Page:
The Government has been challenged to honour its promise to provide survivors of Magdalene laundries with the healthcare services recommended in the Quirke report 18 months ago.

Advocates for the women say new draft legislation represents an unacceptable paring back of what the Government promised as part of the women's redress package.

It is almost two years since Taoiseach Enda Kenny apologised emotionally to the 10,000-plus women who he said had been incarcerated and socially suffocated in Magdalene laundries in Ireland since 1922.

Mr Justice John Quirke was then tasked with designing a restorative justice scheme, which the Government accepted.

It included a special medical card which had originally been designed to help survivors of the Hepatitis-C scandal.

But the new bill providing for the Magdalene women's healthcare makes no mention of the special card.

In a statement, the Justice for Magdalene Research group says that the draft law promises little more than the regular medical card, which most of the women already have.

The National Women's Council of Ireland accuses the Government of denying survivors the pension entitlements Justice Quirke recommended they should have.

He said they should be treated as if they had made full pension contributions.

But the council says the Government is refusing to back-date the pension entitlements for women beyond August 2013.

Justice for Magdalenes Research says the Government has also ignored the judge's recommendation to extend the Nursing Homes Support Scheme Act 2009 to Magdalene women who lack full capacity, so that applications to the Magdalene scheme can be made on their behalf and their assets can be managed by a court-appointed representative in their best interests.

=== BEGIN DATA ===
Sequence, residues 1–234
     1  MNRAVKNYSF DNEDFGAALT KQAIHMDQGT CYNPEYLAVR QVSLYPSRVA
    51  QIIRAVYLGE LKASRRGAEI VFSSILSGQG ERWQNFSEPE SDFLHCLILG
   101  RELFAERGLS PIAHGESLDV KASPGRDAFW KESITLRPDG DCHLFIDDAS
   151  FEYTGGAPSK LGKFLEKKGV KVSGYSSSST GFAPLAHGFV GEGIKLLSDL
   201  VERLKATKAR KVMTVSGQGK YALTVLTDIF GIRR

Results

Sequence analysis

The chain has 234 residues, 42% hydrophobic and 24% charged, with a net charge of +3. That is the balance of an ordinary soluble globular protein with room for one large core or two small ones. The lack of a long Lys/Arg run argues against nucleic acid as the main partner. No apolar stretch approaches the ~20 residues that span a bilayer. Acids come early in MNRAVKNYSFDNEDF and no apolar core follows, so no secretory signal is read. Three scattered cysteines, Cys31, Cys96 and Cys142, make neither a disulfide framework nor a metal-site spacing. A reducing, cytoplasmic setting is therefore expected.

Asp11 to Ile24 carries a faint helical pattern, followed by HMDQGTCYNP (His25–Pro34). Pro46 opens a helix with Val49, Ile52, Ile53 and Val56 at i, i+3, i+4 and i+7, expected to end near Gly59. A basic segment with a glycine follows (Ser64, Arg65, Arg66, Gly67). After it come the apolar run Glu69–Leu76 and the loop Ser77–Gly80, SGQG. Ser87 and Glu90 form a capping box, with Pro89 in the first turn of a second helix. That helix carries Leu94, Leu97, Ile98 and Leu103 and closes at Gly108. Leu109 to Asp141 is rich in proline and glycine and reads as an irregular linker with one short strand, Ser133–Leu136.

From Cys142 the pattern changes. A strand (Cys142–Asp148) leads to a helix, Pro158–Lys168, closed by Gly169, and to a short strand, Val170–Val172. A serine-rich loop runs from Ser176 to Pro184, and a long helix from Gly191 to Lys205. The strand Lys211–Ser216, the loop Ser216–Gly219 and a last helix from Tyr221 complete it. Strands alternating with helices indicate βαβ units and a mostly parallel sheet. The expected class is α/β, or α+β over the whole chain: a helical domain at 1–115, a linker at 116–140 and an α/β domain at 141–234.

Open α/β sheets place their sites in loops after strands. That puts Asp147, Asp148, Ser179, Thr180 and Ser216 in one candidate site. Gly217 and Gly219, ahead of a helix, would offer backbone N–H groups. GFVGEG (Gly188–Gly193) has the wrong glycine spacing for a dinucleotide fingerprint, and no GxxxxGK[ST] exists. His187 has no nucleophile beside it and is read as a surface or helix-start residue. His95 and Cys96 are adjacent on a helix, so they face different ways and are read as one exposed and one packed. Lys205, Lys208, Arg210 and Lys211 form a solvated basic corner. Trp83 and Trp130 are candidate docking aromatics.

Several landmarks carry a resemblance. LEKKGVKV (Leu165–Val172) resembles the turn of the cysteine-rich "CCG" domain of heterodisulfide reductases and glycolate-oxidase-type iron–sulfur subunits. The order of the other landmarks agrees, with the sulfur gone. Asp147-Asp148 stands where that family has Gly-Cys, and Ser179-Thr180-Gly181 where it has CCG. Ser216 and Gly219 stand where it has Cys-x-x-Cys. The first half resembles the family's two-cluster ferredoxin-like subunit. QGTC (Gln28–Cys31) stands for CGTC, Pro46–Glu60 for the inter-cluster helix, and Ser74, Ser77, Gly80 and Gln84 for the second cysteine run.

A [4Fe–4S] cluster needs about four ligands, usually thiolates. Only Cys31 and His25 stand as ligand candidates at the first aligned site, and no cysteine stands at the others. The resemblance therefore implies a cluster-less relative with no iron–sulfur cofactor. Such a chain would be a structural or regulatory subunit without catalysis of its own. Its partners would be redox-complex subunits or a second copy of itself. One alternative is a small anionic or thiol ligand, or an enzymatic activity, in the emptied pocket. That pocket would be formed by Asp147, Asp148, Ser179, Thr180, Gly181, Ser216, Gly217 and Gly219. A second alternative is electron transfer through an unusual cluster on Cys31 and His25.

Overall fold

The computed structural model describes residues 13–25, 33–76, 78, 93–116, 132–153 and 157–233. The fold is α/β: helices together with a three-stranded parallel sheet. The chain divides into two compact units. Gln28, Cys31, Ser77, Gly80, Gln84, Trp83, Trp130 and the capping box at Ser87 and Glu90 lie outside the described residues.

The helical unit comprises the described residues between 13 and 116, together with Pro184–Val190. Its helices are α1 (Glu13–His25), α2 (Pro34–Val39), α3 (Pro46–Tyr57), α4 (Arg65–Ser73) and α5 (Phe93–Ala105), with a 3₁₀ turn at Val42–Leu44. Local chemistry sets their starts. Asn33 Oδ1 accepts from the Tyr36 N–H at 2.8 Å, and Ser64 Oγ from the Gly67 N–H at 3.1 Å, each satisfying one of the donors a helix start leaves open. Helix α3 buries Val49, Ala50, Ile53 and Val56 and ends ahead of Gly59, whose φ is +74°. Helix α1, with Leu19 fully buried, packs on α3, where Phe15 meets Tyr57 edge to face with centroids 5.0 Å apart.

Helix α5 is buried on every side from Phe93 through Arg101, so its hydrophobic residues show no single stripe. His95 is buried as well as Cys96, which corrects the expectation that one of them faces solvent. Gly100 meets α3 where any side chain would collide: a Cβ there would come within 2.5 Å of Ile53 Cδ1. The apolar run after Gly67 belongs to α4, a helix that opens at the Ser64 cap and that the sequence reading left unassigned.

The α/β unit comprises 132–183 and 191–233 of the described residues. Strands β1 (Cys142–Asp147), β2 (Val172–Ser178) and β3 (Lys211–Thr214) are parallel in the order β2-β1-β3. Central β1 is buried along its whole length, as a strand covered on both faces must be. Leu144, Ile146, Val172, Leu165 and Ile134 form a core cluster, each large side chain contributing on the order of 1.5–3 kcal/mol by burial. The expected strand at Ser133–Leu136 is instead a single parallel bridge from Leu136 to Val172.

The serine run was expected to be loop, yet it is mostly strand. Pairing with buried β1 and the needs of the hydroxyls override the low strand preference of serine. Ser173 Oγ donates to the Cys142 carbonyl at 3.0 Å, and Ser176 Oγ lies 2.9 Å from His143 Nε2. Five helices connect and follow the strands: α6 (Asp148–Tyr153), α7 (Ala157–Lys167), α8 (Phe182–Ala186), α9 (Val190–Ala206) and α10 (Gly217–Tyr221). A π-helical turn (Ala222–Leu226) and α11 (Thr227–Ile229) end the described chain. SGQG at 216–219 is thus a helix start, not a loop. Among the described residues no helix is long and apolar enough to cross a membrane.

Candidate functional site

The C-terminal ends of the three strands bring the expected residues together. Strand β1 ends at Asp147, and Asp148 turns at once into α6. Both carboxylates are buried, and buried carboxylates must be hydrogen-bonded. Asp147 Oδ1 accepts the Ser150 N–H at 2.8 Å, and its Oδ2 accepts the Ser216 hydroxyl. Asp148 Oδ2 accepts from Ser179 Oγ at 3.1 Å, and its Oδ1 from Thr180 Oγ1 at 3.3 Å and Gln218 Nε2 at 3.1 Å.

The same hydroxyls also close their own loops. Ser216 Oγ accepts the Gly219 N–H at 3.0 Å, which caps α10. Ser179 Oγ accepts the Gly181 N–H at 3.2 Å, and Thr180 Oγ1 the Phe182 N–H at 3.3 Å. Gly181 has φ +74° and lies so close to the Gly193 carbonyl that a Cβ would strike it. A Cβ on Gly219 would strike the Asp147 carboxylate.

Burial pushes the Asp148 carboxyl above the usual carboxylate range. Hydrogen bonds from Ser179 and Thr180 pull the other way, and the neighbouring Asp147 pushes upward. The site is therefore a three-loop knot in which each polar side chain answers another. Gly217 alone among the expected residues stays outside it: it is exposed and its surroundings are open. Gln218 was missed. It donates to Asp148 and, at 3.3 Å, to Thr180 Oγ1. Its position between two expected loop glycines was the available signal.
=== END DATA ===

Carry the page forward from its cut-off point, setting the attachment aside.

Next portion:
The group says it is imperative that legislation is introduced immediately to protect women in institutionalised settings, to provide independent advocates and ensure that their interests are protected.

Supporting JFMR, Amnesty International reiterated its criticisms of the Government's statement that the McAleese Report on the laundries was the result of a comprehensive investigation of the scandal.

In a statement, the Department of Justice said significant progress has been made on the implementation of the Magdalene Scheme. 

It said that to date, a decision has been made on 87% of the 777 applications received.

With regard to medical services, the statement said that Judge Quirke recommended that legislation should be introduced to ensure that the women have access to an enhanced medical card. 

The statement says that the legislation was published in December last year, and is expected to have a speedy progress through the Oireachtas.

It says that under this legislation the Magdalene women will receive an enhanced medical card.